Top 12 Technology Trends: The Amazing Shrinking Chip

By Robert Hult | September 21, 2021

After more than 50 years of miniaturization, the transistor and Moore’s Law may be nearing their technical and economic limits. However, new innovations in silicon photonics promise to extend the evolutionary timeline into the future. 

This is the eleventh in a series of articles that review leading technology trends that have had a significant impact on the electronic connector industry.

Technology trends evolution

The Amazing Shrinking Transistor

Bell Labs first transistor in 1947

In 1947, three Bell Labs scientists assembled the first transistor, called a point contact transistor because amplification occurred when two pointed metal contacts were pressed onto the surface of the semi-conductor material.

The creation of the first transistor in 1947 sparked an evolutionary spiral that has forever changed our world. The technology evolved from a single gate on a chunk of germanium when engineers found ways to fabricate multiple devices on a common silicone substrate. Introduction of commercial transistor radios in the mid-1950s was a harbinger of how this new disruptive technology would alter expectations for electronic devices. No longer hobbled by the large size, excessive power use, and heat of a vacuum tube, electronic products could become smaller, lighter, and more energy efficient, eventually enabling powerful laptop computers and an entirely new class of mobile devices. Eighteen years later, Gordon Moore suggested that the number of transistors on a chip would double about every two years, a prediction that held true for over 60 years.

The Integrated Circuit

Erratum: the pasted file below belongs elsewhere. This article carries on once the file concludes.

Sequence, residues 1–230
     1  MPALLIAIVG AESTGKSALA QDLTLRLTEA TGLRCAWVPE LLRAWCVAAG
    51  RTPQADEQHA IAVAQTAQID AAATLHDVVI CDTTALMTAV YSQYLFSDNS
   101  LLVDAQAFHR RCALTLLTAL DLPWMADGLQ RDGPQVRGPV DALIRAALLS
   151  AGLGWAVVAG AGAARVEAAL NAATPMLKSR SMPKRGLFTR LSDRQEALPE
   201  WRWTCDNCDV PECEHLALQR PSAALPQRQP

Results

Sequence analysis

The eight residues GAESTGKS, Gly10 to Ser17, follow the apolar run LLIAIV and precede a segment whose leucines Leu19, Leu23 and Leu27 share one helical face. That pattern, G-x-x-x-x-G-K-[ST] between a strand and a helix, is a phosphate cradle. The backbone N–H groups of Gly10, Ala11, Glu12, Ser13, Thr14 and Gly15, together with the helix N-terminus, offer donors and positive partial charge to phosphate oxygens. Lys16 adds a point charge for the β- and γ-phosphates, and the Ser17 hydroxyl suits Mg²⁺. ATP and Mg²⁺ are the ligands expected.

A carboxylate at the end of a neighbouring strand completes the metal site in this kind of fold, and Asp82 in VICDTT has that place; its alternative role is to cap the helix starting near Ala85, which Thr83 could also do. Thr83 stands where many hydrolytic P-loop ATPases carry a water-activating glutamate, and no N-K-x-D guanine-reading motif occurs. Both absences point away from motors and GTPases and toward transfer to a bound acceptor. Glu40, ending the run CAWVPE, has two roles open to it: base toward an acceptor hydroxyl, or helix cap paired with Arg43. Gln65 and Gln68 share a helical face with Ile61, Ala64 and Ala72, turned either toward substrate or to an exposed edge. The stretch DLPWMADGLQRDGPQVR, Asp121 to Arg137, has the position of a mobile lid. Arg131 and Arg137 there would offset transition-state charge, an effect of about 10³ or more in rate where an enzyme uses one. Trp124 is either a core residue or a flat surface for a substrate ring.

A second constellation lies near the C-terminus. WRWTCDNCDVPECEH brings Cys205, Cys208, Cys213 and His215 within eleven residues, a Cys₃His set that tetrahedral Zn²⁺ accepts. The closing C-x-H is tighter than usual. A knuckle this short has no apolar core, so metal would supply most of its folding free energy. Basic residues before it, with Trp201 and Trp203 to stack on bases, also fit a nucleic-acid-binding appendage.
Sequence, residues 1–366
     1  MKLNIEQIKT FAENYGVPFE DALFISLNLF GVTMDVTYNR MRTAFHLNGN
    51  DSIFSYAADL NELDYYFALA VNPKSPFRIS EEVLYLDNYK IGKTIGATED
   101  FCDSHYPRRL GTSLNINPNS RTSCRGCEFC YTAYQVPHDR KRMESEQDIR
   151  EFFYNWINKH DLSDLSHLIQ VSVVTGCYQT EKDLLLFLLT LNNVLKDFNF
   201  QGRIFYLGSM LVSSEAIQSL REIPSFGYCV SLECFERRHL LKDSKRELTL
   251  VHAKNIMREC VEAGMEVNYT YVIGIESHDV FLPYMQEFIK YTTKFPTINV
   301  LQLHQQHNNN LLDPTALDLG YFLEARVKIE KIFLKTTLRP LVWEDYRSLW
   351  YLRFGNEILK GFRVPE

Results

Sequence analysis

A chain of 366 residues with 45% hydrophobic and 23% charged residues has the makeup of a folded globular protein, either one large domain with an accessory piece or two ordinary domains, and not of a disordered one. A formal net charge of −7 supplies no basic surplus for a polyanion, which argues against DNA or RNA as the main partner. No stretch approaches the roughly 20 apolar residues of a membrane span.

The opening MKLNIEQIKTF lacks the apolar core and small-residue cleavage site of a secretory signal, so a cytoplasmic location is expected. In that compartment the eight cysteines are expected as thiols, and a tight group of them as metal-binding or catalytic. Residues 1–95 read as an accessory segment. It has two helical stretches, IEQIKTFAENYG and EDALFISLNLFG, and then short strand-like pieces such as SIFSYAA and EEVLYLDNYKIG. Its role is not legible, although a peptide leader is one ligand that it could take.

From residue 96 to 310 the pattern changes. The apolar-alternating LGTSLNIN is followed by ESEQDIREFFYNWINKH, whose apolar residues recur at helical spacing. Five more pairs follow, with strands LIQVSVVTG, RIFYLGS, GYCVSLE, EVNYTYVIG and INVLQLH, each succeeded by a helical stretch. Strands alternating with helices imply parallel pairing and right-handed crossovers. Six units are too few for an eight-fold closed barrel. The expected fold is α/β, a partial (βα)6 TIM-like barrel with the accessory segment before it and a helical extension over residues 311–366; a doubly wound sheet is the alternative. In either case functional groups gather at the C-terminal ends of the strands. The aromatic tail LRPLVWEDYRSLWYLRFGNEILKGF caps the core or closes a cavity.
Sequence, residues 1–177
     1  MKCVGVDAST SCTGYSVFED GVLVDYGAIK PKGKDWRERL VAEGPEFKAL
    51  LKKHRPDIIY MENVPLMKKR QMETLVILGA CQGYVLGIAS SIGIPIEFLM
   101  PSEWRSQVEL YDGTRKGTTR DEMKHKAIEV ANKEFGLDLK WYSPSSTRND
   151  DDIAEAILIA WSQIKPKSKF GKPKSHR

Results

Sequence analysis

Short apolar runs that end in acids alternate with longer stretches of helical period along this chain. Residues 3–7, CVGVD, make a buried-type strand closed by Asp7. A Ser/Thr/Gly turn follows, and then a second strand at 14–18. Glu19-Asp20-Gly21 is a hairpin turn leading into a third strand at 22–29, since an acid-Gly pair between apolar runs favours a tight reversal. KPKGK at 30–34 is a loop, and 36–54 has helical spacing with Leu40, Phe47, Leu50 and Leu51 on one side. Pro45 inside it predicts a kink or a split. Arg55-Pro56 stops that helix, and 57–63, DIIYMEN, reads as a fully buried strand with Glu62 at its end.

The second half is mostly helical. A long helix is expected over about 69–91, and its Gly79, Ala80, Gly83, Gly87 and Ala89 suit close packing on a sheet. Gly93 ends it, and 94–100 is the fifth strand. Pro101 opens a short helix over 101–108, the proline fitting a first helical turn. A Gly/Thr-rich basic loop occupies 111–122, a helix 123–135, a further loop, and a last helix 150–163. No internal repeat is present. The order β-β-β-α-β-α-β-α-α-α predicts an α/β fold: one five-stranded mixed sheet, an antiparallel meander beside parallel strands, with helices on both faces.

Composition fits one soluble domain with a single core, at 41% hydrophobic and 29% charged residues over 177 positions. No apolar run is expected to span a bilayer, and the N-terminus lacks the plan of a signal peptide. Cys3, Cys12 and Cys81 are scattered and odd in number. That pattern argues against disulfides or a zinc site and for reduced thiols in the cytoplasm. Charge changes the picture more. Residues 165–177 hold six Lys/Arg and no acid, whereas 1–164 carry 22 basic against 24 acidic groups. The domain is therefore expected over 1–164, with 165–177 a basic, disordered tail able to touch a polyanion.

The development of the integrated circuit in 1961 allowed the fabrication of multiple types of semiconductor devices, including memory and passive components on a single die, to create complex functional circuits. Advanced photolithography and deposition processes produced ever smaller devices on denser centerlines.

Placing active devices in proximity increases the number of devices per chip and wafer and allows greater device functionality while reducing the cost per chip. Shorter links between devices reduces latency, allowing faster performance. Demand for more powerful computing capability in smaller envelopes touched off a race to shrink the transistor to near atomic levels. The scaling of fabrication processes resulted in a continuous cycle of squeezing more transistors onto a monolithic die. The first multi-core processor chip was introduced by IBM in 2001 and was designed to simultaneously manage multiple processes more efficiently while consuming less power. With features measured in nanometers, the industry had achieved high volume production capability of devices, with 32 nm nodes by the late 2000s. Additional architectures, including the development of the microprocessor, microcontroller, system-on-chip (SOC), and the three-dimensional IC, enabled entirely new segments of the industry to flourish. The result of these remarkable advances in device fabrication accelerated the ongoing revolution of electronic devices that pervades every aspect of our lives today.